We will do all we can to support this family. Please pray for them.
August already? Another calendar page has flipped!
We continue our march to prepare for fall harvest. Bin work continues, with the guys from Montgomery Welding working to wrap up the new unloader and drying floor/aeration in bin #9, and the flooring repair and new fan on bin #4. It’s getting there. Soon, the electrician can hook up all these new items to get them powered up.
Matt fashions the transition cone that will adapt the fan to the bin.
Ready for the electrician.
Brandon has washed the CIH 8250 combine, the last remaining machine to get cleaned after wheat harvest. It’s a big job, in two stages. First, he uses air to blow away loose debris, then the machine gets a thorough soapy scrubbing, and a final rinse. Looks great afterwards.
The scrub brush removes any trace of surface dirt.
We have elected so far not to apply more fungicide to any corn. Most of it is now ‘made’, and the treatment would not add bushels to the yield. It may make the stalks stand better, making for an easier harvest, but we will hope there is no severe windstorm to knock the corn over. The soybeans are looking healthy right now. We are hopeful for a good yielding crop this fall. Of course, it’s a long way from being in our bins, but so far, so good.
Soybeans at Lett.
The trucks need to be washed and serviced in advance of the fall harvest. One by one, they are brought into our shop and made ready.
The KW has a turn in the shop
I’m hoping to get the little JD 6130R tractor rolling again today. I’d like to mow the roadsides one more time before fall busy season.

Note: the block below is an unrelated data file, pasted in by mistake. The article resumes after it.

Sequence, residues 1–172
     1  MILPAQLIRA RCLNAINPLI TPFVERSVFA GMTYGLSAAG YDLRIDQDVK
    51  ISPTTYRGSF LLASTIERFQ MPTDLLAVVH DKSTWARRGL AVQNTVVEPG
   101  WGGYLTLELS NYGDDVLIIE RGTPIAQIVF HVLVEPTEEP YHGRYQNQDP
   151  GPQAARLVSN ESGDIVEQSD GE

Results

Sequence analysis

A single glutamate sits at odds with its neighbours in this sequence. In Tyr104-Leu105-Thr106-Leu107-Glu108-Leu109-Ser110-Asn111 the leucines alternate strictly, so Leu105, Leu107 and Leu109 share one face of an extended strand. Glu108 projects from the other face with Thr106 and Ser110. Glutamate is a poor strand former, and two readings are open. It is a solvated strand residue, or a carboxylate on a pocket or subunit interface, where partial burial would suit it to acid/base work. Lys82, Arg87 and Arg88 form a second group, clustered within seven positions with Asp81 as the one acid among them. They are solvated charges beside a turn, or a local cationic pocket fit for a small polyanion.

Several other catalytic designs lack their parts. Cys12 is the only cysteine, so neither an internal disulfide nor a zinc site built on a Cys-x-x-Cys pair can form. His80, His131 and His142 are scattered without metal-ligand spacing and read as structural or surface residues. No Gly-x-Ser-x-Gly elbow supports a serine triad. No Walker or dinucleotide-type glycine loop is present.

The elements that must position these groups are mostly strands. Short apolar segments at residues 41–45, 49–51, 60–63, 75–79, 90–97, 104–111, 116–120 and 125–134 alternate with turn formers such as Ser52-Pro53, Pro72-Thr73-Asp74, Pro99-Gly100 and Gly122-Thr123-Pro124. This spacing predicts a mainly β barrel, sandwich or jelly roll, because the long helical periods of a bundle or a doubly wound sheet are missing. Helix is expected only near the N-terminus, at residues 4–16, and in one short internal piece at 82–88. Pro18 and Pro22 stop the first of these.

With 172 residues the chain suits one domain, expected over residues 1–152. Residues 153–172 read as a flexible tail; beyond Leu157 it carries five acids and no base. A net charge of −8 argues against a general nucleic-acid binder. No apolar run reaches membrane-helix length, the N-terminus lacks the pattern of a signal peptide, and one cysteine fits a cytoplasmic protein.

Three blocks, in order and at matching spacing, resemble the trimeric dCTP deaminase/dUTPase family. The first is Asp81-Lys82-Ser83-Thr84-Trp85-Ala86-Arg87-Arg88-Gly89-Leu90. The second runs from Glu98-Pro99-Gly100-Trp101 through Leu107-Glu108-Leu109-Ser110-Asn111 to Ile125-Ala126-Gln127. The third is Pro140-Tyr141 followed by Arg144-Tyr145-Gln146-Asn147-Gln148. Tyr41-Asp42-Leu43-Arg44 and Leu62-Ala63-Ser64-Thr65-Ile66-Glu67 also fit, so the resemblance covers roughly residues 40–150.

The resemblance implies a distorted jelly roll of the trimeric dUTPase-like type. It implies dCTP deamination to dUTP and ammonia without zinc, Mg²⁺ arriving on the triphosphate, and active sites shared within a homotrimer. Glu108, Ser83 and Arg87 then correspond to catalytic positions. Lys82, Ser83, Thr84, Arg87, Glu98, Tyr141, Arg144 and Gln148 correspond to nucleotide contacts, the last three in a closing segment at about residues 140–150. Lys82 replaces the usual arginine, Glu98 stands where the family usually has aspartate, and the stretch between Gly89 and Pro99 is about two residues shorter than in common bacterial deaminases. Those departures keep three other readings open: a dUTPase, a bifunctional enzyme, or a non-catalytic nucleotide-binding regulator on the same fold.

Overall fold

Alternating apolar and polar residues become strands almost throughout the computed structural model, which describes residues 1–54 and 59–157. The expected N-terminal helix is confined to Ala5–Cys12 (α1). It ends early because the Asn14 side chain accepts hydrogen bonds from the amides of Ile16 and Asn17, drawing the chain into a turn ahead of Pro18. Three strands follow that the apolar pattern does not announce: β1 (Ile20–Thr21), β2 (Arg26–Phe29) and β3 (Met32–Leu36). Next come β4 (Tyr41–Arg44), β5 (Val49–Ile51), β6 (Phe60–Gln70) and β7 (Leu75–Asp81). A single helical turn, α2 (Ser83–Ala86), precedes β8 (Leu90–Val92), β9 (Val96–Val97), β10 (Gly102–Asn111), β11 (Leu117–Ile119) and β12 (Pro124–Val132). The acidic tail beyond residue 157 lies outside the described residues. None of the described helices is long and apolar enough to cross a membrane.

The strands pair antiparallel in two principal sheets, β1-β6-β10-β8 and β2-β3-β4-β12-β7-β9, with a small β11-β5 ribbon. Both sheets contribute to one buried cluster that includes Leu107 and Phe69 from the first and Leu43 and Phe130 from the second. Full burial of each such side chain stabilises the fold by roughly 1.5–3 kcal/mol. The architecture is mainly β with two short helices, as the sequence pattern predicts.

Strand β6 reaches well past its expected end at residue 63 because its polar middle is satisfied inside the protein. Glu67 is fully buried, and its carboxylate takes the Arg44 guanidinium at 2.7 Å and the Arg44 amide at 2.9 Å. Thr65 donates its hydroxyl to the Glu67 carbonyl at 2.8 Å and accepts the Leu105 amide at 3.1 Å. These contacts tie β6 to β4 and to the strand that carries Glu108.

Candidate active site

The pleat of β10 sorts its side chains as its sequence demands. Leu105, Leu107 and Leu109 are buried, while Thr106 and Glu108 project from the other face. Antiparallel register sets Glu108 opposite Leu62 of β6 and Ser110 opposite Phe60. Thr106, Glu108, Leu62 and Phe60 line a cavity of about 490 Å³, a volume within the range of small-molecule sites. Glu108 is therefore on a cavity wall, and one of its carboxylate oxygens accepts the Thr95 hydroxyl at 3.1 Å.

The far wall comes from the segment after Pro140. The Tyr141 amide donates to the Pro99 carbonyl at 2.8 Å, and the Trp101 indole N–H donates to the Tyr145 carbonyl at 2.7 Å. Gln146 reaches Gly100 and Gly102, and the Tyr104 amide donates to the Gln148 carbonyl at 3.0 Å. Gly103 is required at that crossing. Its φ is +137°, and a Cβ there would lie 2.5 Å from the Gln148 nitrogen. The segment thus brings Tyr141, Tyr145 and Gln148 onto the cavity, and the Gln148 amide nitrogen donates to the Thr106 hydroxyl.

…and to top it off, the weather is a cool 59ºF (15C) this morning. It feels like fall!
Well, the oppressive heat from the past week has broken, at least a little. Highs near 80ºF (26C) rather than the mid-90s today. And, of course, the humidity was high on those hotter days making for heat index numbers over 100ºF! Better today. There must have been a front pass through last evening. Just before dark we had some thunder and lightning, and got a wonderful .6″ (15mm) of rain.
Gotta mow the yard this afternoon. It probably needs cut 2x/week yet, but once is all it gets!
I’ll drive this little JD this afternoon to mow the yard.
Even though the weather is cooler today, still, it’s hot for one of the jobs John is working on today. He is in our bin #4, with the guys from Montgomery Welding, scooping up loose grain. The aeration floor was removed this week, and now they are cleaning up the debris and spoiled grain that somehow worked its way beneath the flooring. Once cleaned, the perforated metal floor will be reinstalled and a new centrifugal fan will be hooked up. That one should run much more quietly than the old axial fan it replaces. The axial fan is being moved to another bin, in a location away from the unload pit– where the noise won’t be a factor.